Collaboration Beats Smarts In Group Problem Solving You might think gathering a group of the smartest minds would make for the smartest team. But a new study says that might not always be right. Groups with more females and groups whose members each contributed equally were most successful at completing given tasks.

Collaboration Beats Smarts In Group Problem Solving

Collaboration Beats Smarts In Group Problem Solving

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Everywhere you look, from business to science to government, teams of people are set to work solving problems. You might think the trick to getting the smartest team would be to get the smartest people together, but a new study says that might not always be right.

Researchers at Carnegie Mellon University found that collaborative groups who conversed easily with equal participation were more efficient at completing sets of given tasks -- and produced better results -- than groups dominated by individuals.

Anita Woolley, an assistant professor of organizational behavior and theory, has been studying what it means to say a group is "intelligent." So she created teams of two to five people, drawn from 700 volunteers, and asked the teams to solve various kinds of problems.

"We had some brainstorming tasks, where the idea is to get as many ideas and as creative ideas as possible," she said. The teams performed other tasks where there was only one right answer, and still others where the teams had to come up with innovative solutions to a problem.

Here's an excerpt from one group's conversation:

Participant 1 (male): The problem is that we have to decide whether this star basketball player should be kept on the team despite cheating on the exam, right?
Participant 2 (female): Yeah, I think they're trying to see how we'll punish him.
Participant 3 (female): It looks like keeping a player like that would mean violating school policies.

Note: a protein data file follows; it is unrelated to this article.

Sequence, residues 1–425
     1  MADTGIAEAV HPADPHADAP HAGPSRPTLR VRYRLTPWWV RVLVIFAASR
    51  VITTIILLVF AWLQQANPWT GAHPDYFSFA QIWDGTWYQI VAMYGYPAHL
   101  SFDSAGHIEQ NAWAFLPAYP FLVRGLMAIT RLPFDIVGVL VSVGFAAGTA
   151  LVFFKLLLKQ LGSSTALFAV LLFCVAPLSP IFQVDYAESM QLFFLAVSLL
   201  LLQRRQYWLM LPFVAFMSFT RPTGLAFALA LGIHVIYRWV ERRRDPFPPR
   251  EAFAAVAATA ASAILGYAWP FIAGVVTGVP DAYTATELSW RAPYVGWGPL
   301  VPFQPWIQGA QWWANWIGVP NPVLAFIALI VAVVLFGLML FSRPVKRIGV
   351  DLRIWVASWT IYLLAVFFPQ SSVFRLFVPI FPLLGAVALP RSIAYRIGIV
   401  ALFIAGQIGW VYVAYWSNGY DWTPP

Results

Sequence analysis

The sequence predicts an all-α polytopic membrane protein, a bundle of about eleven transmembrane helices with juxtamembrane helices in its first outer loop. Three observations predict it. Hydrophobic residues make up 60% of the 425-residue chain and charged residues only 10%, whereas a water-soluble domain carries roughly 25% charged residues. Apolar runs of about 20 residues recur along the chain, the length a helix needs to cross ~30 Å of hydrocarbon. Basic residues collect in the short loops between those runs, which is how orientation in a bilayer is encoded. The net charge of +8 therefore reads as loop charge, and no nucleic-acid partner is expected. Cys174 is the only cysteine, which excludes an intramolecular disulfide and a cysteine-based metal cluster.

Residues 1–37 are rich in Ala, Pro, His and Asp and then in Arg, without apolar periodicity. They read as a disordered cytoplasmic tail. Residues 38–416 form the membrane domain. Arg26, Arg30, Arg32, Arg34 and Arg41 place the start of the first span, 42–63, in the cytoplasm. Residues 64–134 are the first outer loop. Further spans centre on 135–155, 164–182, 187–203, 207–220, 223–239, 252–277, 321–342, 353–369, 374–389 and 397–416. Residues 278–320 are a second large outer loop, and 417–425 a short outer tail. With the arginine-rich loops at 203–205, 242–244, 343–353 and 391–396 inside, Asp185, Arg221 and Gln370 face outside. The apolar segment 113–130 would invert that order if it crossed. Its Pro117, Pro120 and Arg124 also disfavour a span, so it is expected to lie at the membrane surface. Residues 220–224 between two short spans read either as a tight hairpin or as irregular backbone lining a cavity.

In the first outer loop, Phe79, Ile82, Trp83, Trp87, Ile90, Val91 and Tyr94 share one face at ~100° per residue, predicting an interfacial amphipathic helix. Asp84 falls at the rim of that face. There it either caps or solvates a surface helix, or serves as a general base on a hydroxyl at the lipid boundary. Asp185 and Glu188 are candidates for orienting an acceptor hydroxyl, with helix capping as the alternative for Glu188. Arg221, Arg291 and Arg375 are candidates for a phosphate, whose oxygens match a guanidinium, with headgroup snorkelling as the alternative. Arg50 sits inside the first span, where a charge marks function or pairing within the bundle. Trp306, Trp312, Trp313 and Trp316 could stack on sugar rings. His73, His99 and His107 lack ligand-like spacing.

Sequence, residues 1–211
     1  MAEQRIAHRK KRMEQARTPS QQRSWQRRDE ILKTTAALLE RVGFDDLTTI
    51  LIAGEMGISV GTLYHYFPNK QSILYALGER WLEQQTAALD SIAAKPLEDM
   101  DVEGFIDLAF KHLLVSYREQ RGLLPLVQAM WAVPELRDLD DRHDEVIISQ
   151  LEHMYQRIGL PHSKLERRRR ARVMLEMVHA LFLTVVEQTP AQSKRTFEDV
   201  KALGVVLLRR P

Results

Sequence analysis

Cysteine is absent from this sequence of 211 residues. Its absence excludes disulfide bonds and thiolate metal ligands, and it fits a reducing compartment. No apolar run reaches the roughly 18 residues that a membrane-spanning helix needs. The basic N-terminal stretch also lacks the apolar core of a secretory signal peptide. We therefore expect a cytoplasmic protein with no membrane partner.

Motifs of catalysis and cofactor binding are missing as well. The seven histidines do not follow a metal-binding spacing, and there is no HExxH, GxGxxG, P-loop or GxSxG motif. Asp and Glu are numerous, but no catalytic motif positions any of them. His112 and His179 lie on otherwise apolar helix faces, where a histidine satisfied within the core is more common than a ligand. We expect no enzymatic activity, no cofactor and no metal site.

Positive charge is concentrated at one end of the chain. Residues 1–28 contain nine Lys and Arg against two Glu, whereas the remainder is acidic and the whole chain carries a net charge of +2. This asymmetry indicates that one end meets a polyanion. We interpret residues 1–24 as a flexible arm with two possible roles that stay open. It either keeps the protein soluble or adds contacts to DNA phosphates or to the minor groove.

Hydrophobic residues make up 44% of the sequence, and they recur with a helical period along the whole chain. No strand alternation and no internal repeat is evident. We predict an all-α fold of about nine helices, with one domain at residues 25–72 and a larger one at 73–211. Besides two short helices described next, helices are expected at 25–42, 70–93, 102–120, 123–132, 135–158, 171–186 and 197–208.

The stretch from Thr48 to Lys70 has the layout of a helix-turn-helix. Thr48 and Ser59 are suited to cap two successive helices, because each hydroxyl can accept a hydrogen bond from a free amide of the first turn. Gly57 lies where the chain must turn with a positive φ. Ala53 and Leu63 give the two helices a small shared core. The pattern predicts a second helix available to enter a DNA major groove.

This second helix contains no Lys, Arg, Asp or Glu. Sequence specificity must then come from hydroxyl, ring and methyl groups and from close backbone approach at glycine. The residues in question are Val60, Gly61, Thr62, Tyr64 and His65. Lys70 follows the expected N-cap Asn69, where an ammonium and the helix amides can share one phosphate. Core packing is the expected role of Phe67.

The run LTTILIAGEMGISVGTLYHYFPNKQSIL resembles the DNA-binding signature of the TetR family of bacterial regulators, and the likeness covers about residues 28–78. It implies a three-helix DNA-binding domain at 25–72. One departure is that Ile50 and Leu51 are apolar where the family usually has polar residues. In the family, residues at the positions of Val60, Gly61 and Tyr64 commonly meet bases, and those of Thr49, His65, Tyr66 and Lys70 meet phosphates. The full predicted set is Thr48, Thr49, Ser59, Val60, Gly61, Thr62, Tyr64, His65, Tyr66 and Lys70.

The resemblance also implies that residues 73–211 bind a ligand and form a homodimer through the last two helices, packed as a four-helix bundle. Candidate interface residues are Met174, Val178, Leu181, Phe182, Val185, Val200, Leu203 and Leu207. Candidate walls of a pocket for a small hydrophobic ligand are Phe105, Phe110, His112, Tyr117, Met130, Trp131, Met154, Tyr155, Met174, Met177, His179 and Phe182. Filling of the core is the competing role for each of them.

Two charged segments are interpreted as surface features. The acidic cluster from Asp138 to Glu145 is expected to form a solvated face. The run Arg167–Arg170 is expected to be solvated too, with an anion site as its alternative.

Participant 1: Yeah, I would keep him out of the next game, unless it's a playoff. At the very minimum.
Participant 2: Yeah, I think that's the best option. He deserves at least that.

The participants in this group took turns discussing the problem, coming up with various angles and issues.

Another group attacked the same problem differently:

Participant 1 (male): I say he should not be allowed to play.
Participant 2 (female): He should not be allowed to play for the semester, at least.
Participant 3 (female): Well ...
Participant 1: I think he should not be allowed to play for his college career at all. It looks like it may just be a status thing. He just cheated on an exam. He should at least have been creative and tried to cheat effectively or something. I hate people who are treated nicely for athletics. They're just stupid.

No one else in the second group got a word in, and there were no alternatives to what the one noisy participant was proposing.

Woolley says this was an example of a moral reasoning task. She says that to do well, a group needed to consider multiple perspectives.

"In groups where the conversation was more evenly distributed, where you had better participation -- and more equal participation among all of the group members -- the groups were more collectively intelligent," Woolley says.

Not only was it annoying, but groups where one person dominated tended not to come up with as balanced and thoughtful a result -- it wasn't as intelligent as the first group's effort. When Woolley looked for the qualities that made successful groups successful, she found that the individual intelligence of group members was unrelated to the outcome.

"A few things that were related however, were surprising," Woolley says. "One was the proportion of females in the group."

As she reports in the journal Science, the more females, the higher the group intelligence, although Woolley thinks it's not so much gender as a quality of social sensitivity that women on average have more of than men.

Thomas Malone, one of Woolley's collaborators and head of the Center for Collective Intelligence at MIT, hopes this research will lead to great things.

"Imagine you could go to a top management team in a company and give them a collective intelligence test that would then predict how well that team would respond to a very wide range of challenges they might face," Malone says. That could be something a board of directors might be very interested to learn.

But Steve Kozlowski, a psychologist at Michigan State University, says such a test is a ways off. He says that Woolley's study only looked at a small set of tasks.

"And it's really very, very difficult to generalize from the small set of tasks that were examined in these studies, using college students, ad hoc teams and very short periods of measurement," he says.

He's also not convinced that Woolley and her colleagues are measuring intelligence. He says they're just measuring how well groups do on a limited number of problems.

"Likening it to intelligence -- I wouldn't call it controversial, I just don't see any evidence to support it," Kozlowski says.

Still, he says there may well be such a thing as collective intelligence, but he thinks it will take a lot more work to define it.